For a while now, web applications have been trying to obfuscate the URL, presumably because ordinary people can't deal with the concept of an address. Which is, of course, stupid because we deal with addresses all the time.

One possible reason for wanting to hide the URL is so they can hide the tracking shit they add to the end of it. For example, here's the basic URL for an Eventbrite page.


If you visit this, it works.

However, when that link was given to me in an email from Eventbrite, it looked like this:


Nothing that follows the ? is necessary for me to open the page. It adds nothing to my experience. All it does is tell Eventbrite, via their web analytics programme, who I am and where I came from.

I call this stuff "utm_cruft" after the UTM acronym that appears all over them. It stands for Urchin Tracking Module which is not at all creepy sounding.

When sharing a link with someone you can safely delete all that shit. It looks ugly, is confusing and doesn't add anything. The page will load perfectly fine.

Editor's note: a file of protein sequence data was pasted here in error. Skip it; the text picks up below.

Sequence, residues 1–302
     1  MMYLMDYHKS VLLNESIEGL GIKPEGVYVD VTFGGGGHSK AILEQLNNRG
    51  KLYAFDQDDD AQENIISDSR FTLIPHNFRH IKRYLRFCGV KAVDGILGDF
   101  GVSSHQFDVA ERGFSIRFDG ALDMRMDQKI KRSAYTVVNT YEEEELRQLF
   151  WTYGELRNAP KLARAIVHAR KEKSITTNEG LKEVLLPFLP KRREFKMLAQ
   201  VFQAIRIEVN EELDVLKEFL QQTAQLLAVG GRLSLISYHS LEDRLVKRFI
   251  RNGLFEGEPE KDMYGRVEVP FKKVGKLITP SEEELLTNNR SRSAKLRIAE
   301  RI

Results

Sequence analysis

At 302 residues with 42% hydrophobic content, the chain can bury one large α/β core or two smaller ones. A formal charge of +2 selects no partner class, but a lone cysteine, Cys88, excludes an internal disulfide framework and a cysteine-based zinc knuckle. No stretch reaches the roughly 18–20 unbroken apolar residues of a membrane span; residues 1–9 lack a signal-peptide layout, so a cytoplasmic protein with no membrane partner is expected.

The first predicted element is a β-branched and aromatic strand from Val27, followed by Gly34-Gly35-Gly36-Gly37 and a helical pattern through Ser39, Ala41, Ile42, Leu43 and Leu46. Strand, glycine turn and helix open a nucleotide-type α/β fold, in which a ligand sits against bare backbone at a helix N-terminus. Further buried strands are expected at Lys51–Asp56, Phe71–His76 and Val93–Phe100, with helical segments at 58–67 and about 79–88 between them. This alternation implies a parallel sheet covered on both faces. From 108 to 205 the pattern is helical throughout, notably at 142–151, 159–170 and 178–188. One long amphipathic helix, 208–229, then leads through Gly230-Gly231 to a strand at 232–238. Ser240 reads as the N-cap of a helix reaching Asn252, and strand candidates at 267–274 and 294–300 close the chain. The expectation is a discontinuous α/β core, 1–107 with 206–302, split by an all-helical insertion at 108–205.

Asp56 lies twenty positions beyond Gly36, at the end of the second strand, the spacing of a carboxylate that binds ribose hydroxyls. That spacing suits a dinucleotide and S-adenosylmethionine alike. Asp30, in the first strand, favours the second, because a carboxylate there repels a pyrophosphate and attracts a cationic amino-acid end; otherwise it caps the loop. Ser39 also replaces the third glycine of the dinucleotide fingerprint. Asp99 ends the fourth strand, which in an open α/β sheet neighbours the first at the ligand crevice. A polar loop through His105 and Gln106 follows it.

That said, don't just delete everything you ever see after a question mark. The ? is actually a valid part of the URL which can be used for good when it's not being used for evil.

For example, a very basic Wordpress installation has URLs that look like this:


This won't load the myblog.com home page, but will load the post which has the ID "1234" in the database.

Here's a URL for the Wordpress editing interface:


This is asking photo-school.co.uk to run the post.php programme to load the post numbered 2085 so that we can edit it.

So the ? in this case is being used to send instructions to the programme. Very useful! (And potentially risky, of course).

Which means that if you want to remove all the utm_cruft you should be a little careful until you learn to spot its patterns. It tends to be added to the end and it always contains utm. And always test your "new" URL before sharing it!

But you can delete that shit, for your privacy, sanity and to keep the web clean.

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